In her thesis introduction, Wu explains that person-centered care is an approach that prioritizes the personal needs and preferences of long-term care residents and can be seen as a “method of preserving the identity and honouring those persons with dementia through meaningful relationships and communication” (3). During her fieldwork, she observed and interviewed (both formally and informally) care staff and residents with dementia during mealtimes and her findings found that “while staff practices reflect several aspects of person-centred care, a biomedical undercurrent continues to hinder the evolution of dementia care”. For example, while care staff may do their best to give residents choice and ability to have food and mealtime preferences, meals and mealtimes may be rigidly planned and scheduled with little room for personal choice and preferences.
Wu says she met some “brilliant care staff who work very hard at trying to provide a loving and supportive environment, but who [also] often go home frustrated because they feel they couldn’t do enough for their residents that day.” The key message to come out of her research, she says, is this: “We are asking long-term care staff to provide a certain kind of dementia care within a context that does a good job of not supporting their efforts.” For this to change, she notes, some “very real and difficult changes need to be made to our health system if we are going to move forward and provide the kind of dementia care these residents deserve.”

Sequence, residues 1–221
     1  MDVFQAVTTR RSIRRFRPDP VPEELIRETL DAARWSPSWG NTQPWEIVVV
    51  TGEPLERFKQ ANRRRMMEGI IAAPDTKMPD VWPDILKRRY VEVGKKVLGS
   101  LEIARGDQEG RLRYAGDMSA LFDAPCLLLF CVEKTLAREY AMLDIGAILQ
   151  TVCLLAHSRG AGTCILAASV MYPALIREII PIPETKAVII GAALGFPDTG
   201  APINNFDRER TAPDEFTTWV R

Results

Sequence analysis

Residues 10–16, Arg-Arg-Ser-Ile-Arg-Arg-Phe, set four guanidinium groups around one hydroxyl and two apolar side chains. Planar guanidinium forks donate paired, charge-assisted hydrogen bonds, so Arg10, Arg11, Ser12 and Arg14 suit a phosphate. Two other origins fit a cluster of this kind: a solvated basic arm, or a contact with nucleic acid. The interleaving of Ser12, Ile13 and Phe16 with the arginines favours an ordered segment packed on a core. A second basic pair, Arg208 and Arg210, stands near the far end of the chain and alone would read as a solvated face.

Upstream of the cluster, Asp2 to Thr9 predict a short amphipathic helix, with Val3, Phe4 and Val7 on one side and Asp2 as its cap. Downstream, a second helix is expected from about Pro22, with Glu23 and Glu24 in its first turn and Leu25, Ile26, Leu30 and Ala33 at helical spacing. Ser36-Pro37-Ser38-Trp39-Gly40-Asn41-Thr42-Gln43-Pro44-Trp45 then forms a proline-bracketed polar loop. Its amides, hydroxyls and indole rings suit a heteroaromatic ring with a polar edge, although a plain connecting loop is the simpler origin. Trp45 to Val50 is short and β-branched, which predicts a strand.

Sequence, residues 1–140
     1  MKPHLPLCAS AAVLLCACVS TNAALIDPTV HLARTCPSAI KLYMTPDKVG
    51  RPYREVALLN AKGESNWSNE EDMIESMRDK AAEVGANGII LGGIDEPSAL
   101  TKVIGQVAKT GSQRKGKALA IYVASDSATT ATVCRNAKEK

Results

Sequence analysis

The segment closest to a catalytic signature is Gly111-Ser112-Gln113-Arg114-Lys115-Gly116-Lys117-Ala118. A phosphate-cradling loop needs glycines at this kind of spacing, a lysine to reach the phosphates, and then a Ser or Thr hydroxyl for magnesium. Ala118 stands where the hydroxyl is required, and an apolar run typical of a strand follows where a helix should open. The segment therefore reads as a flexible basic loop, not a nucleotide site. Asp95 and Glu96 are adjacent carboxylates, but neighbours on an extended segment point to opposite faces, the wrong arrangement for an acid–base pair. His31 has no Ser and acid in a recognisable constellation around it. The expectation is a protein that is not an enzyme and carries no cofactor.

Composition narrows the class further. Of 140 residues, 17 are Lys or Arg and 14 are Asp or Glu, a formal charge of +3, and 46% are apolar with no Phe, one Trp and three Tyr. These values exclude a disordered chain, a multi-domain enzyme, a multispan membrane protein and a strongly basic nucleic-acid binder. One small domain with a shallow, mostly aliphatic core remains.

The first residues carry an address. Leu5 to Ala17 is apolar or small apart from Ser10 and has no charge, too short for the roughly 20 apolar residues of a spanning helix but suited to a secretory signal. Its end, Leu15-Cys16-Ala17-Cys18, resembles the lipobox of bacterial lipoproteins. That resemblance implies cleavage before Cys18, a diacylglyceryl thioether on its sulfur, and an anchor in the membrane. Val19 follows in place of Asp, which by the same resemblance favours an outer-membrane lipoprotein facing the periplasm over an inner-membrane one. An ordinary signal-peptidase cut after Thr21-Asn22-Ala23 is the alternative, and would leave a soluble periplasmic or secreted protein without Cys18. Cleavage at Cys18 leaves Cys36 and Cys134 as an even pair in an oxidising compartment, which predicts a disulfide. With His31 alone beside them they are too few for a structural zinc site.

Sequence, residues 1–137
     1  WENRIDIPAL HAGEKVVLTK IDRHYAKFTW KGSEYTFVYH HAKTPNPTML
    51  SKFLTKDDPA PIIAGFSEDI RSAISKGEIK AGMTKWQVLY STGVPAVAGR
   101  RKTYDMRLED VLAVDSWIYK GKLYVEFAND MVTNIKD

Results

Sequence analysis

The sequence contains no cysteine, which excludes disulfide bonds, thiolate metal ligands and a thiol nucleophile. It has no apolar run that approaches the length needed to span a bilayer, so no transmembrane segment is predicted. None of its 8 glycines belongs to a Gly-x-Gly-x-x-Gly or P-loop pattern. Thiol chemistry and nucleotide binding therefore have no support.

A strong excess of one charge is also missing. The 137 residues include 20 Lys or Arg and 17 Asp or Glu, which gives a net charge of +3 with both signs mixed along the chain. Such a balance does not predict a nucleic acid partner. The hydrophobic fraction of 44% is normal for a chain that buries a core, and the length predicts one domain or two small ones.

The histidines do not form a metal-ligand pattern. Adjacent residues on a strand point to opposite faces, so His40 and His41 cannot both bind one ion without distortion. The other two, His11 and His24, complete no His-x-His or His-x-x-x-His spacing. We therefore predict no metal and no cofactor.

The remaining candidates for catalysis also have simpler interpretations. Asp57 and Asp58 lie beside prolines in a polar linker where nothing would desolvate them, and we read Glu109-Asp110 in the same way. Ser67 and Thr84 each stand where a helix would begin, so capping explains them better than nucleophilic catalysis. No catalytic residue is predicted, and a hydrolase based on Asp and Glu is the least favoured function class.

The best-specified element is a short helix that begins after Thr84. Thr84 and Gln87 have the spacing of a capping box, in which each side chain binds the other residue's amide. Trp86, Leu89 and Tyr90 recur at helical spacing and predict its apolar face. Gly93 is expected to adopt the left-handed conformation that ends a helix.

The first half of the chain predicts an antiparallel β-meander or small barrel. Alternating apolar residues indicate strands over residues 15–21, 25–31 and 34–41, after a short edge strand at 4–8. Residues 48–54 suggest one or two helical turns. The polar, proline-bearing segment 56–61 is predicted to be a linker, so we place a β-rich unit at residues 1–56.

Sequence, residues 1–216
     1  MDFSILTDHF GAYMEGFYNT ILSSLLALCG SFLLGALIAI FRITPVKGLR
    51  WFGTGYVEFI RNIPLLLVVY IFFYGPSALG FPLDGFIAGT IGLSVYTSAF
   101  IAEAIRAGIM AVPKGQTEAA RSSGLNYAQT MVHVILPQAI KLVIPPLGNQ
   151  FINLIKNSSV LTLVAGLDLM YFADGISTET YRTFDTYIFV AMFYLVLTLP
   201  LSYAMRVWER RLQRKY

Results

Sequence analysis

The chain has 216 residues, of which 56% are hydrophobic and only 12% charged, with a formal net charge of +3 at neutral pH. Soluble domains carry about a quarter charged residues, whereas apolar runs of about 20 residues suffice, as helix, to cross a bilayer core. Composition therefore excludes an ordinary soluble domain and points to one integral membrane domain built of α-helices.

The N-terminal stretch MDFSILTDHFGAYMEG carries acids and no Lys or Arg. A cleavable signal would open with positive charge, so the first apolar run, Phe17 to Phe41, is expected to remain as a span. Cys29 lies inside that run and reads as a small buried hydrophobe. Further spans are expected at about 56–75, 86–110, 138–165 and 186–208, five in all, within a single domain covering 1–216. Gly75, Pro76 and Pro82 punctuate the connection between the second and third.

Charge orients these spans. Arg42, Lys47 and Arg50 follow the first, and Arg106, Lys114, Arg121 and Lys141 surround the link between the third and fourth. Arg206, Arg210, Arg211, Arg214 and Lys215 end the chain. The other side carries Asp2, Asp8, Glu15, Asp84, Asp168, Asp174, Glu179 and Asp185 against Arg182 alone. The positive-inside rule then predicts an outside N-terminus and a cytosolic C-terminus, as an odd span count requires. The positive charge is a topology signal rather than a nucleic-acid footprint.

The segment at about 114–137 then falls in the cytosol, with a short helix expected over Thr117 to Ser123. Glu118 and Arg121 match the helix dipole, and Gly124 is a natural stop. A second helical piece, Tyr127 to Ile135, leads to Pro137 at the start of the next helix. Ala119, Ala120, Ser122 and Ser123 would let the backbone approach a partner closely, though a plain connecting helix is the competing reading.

Continuing this research on the experiences of food intake and mealtime among residents at Canadian long-term care facilities, Wu began her PhD in Kinesiology at the University of Waterloo’s Nutrition and Aging Lab in January 2016 and is involved in new projects concerning food and mealtimes for older adults. As her department research profile notes, she will be involved in the Making the Most of Mealtimes (M3) project with her supervisor, Dr. Heather Keller, and working with others to develop “complex interventions that target meal access, meal quality, and the mealtime experience of residents.” Wu says while she’s still immersed in course work, one of the “complex interventions” she’s started working on with Dr. Keller and the M3 Research Team relates to eating assistance in long term care settings. “There is so much that goes on during mealtimes – seating arrangements, serving food, medications, differing preferences and dietary restrictions, eating abilities, social interactions and relationships, staff availability, the physical dining environment – the list is long. At the moment we’re working to identify those critical variables and understand how they interact with one another at multiple levels within these environments so that we can build an acceptable and feasible intervention."